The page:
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As we noted in our last post (i.e. Everything you need to know about Student Accommodation), settling in at university requires you to make a crucial decision about where you are going to stay. Staying in outside accommodation rather than at a university residence can be intimidating because of the bills and utilities that you have to be responsible for, unlike your peers who live in residence and have this all attended to by the university.
To make sure that renting and the task of dealing with landlords is easier for you, we have come up with a guide to the Rental Housing Act to help you understand your rights under a lease agreement as the tenant. The Act regulates the relationship between landlords and tenants. As a tenant, it is important to understand your rights and obligations as well as those of the landlord. Knowing the law regarding renting is important so that you can assert your needs and you do not get short-changed.
Section 26 of the Constitution provides that everyone has the right to have access to adequate housing. This provision is the gateway to the Rental Housing Act. Under section 26(2), the Constitution mandates the government to take reasonable measures to come up with laws to achieve the realization of the right to housing – herein enters the Act.
Section 8 of the Act provides that a lease, in writing, containing all relevant information about the rental period must be issued to the tenant. The lease agreement can be published in any of the official South African languages. In some instances, tenants move into accommodation without a lease agreement that lays out what the tenant and landlord expect to form each other. This is dangerous because should anything happen during your stay, and you want to hold your landlord accountable for any violation – the law will not be on your side.
Section 4A of the Act states that as the tenant, you have the right to view the premises with the landlord before you move in. The idea is for you to be aware of any existing defects or damage to the property and to come to an agreement with the landlord about their responsibility to rectify these. At the end of the lease period, you and the landlord must arrange another joint inspection to determine what damage was caused to the property since you occupied it.
Provisions that are important for the tenant:
- Receipts: Tenants have the right to receive a written receipt from the landlord for all the payments they make.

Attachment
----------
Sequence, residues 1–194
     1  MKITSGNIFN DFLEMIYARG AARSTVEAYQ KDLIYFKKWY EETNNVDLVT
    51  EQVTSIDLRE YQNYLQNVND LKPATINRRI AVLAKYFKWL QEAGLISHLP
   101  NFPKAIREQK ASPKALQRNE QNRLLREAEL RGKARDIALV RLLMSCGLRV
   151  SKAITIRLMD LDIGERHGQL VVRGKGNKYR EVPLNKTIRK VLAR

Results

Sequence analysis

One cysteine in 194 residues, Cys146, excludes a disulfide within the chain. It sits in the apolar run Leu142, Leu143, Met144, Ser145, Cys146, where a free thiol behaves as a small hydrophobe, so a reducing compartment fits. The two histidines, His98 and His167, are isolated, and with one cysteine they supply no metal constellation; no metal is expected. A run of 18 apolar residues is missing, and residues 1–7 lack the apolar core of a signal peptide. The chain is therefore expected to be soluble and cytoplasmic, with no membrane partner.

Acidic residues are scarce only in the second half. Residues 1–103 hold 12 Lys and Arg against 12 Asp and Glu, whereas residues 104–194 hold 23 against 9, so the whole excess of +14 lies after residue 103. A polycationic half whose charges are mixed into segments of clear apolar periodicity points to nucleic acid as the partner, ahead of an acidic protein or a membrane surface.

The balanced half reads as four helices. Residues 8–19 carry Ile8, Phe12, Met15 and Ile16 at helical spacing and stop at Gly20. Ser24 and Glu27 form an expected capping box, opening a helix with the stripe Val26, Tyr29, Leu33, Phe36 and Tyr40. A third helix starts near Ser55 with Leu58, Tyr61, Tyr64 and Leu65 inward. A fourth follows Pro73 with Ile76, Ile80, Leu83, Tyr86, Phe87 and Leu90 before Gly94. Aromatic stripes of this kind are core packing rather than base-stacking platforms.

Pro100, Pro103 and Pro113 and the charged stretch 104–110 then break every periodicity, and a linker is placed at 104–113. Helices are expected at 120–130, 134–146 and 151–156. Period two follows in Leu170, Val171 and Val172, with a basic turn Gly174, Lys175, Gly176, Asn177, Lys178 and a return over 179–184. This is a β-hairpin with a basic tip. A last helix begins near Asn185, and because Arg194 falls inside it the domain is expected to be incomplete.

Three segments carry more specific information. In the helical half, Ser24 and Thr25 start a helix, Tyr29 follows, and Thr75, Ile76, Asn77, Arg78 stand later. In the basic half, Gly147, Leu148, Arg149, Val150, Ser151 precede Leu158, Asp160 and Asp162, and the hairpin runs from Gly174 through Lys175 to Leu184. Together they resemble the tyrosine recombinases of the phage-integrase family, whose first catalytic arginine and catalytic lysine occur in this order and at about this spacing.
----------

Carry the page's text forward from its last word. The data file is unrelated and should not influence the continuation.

- Deposit: When the lease expires, a tenant has the right to receive the deposit that they paid and any interest that accrued to it, within seven days of the lease expiring. This is subject to whether the tenant had amounts owing or damaged the property and consequently had to pay for the repairs with the deposit.
- Written proof: A tenant may request the landlord to provide them with written proof of interest accrued on the deposit that they paid.
- Eviction: A tenant may not be evicted under any circumstances unless the landlord has acquired an eviction order under the Prevention of Illegal Eviction from and Unlawful Occupation of Land Act.
- Privacy: Tenants have the right to privacy. This means that the landlord may not:
- Search the tenant’s personal property
- Infringe the privacy of the tenant’s communications e.g., cell phones, Wi-Fi
- Discriminate against a tenant or prospective tenant based on their race, gender, sex, marital status, disability, sexual orientation, or any other ground that would constitute unfair discrimination.
Cancellation of the Lease Agreement
A lease agreement can be canceled if you or the landlord have broken an important part of the agreement. For example, if the landlord fails to complete essential maintenance or you fail to pay your rent – the lease agreement may be terminated.
The lease agreement should contain a cancellation clause that informs you of the time period that you and the landlord have to fix any violation that has happened (such as the examples stated above). The lease agreement should also contain a clause about when the agreement will come to an end if the violation is not fixed within the given period.
Furthermore, a lease can also be terminated when you or the landlord give reasonable notice about wanting to cancel the lease. If there is no agreement about what a “reasonable notice” means, the general rule is that it is at least one month prior.
The landlord’s rights:
- Rent: The landlord can expect prompt and regular payment from the tenant
- Cancellation: The landlord may cancel the lease but only on reasonable grounds that do not constitute an unfair practice
- Damages: The landlord has a right to claim compensation for damages to the property if the damage is caused by the tenant or their visitor.